First 2014 shoots

Warmer days and first rain after a couple of weeks of sunny weather triggered first shoots to start poking out of the soil. Some old whip shoots came alive, and many red colored new shoots started emerging from the potted part of the plant. Escaped portion of the bamboo remained seemingly dormant for some more time.

Moso shoots that finally started to look a bit more mature.

Moso shoots that finally started to look a bit more mature.

Moso in the end of October.

Moso in the end of October.

Autumn sun can hardly penetrate dense canopy.

Autumn sun can hardly penetrate dense canopy.

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9 thoughts on “Phyllostachys Pubescens Moso

  1. Alec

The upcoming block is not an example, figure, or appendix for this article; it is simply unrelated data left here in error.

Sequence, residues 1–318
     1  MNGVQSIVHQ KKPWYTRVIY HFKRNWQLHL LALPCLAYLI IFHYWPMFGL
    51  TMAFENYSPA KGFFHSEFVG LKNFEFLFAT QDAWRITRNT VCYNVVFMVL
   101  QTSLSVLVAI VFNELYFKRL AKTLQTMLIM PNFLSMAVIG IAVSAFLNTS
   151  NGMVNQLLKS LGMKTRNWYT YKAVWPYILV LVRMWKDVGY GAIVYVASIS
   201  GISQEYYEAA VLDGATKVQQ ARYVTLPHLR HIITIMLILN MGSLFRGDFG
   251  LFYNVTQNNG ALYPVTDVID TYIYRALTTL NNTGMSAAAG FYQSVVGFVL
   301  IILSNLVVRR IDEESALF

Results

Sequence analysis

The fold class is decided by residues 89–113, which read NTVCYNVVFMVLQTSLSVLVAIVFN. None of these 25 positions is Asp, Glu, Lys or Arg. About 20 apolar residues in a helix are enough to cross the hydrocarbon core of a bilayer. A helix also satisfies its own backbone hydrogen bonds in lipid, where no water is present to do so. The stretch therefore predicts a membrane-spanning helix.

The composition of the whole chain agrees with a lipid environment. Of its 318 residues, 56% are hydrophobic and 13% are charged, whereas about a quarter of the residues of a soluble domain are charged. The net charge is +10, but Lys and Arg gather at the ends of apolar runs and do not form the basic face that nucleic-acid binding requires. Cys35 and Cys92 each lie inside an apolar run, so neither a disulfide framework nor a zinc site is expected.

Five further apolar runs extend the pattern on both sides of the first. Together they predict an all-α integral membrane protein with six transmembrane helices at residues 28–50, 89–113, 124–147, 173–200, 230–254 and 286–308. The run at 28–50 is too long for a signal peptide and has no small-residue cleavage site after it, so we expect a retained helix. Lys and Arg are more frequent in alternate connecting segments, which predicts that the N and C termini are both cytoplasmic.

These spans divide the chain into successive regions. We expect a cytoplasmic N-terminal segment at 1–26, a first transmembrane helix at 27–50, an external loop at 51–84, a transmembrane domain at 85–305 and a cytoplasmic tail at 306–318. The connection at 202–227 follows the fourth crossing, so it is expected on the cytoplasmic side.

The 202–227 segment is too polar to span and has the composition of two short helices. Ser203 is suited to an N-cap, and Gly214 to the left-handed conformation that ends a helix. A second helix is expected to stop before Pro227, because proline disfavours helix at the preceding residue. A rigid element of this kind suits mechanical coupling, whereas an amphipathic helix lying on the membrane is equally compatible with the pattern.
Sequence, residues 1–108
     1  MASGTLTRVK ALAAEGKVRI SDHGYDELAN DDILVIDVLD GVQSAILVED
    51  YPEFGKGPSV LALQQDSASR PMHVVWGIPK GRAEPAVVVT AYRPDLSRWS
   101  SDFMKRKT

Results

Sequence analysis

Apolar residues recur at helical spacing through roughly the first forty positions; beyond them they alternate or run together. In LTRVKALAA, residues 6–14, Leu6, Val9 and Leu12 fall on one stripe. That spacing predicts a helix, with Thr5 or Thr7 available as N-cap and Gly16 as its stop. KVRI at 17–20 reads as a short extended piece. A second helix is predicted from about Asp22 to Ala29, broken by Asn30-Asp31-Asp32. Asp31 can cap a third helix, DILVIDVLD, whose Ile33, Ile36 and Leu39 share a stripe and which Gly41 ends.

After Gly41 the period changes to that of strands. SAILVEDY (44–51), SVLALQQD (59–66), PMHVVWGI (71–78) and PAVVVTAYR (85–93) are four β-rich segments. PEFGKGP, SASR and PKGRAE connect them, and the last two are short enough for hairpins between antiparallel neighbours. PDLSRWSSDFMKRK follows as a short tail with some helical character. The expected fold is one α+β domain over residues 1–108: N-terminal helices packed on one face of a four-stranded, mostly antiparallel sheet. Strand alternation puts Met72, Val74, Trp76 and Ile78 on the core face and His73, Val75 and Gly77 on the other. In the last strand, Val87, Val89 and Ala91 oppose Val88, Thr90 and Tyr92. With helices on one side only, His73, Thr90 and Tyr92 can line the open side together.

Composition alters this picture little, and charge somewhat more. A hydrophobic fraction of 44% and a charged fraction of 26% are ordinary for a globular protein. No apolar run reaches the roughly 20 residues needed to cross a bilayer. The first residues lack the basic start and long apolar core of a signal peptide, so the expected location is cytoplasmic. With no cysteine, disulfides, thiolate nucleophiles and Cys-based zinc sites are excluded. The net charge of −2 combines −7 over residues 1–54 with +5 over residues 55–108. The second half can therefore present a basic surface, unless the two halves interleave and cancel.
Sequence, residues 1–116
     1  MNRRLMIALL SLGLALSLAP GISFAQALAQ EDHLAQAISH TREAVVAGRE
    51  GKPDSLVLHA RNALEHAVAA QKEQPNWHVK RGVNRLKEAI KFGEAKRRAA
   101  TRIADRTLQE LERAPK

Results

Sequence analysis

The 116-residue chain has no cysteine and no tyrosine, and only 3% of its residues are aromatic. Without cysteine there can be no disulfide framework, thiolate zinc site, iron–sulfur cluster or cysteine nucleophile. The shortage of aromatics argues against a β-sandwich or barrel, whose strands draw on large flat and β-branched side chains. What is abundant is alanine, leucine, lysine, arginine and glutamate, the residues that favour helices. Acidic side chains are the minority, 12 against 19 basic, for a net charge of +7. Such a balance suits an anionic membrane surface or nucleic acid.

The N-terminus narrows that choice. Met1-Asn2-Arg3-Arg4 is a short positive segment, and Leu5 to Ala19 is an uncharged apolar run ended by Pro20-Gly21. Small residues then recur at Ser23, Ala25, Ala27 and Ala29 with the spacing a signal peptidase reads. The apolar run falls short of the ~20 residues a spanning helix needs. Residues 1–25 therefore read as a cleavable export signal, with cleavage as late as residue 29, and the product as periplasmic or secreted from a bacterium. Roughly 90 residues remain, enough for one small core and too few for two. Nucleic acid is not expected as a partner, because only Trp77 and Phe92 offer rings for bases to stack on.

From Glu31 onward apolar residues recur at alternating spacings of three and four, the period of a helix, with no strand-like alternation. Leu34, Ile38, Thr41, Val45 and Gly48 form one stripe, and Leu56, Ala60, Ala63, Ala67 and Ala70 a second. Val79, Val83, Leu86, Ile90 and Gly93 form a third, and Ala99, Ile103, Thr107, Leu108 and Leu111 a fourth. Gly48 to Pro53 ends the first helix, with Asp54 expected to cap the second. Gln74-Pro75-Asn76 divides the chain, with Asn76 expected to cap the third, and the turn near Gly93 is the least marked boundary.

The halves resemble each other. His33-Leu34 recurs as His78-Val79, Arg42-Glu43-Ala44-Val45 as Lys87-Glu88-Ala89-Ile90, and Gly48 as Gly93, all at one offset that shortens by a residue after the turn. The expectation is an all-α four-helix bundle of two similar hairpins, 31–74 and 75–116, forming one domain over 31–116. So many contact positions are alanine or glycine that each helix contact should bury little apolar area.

Hey! If you could make a blog post about how you’re preparing your moso for the winter, I would be very happy! I’m keeping my moso indoors this second winter, but next spring I am planting some of them outside in the ground and some I’ll be keeping in pots for comparison, and put in the greenhouse for the winter (5-15C all winter).

    Last year’s low was -16,9, and the year before it was -12, so it fluctuates. Never gone below -21, but that still goes to show that cold spells do come by, and they’re devastating if they linger.

     
    Reply
    1. tarzan tarzan

      I will write about winter preparations. Moso is not the most problematic for me, as I have a much less hardy bamboo – Borinda fungosa, that really needs any kind of protection I can offer.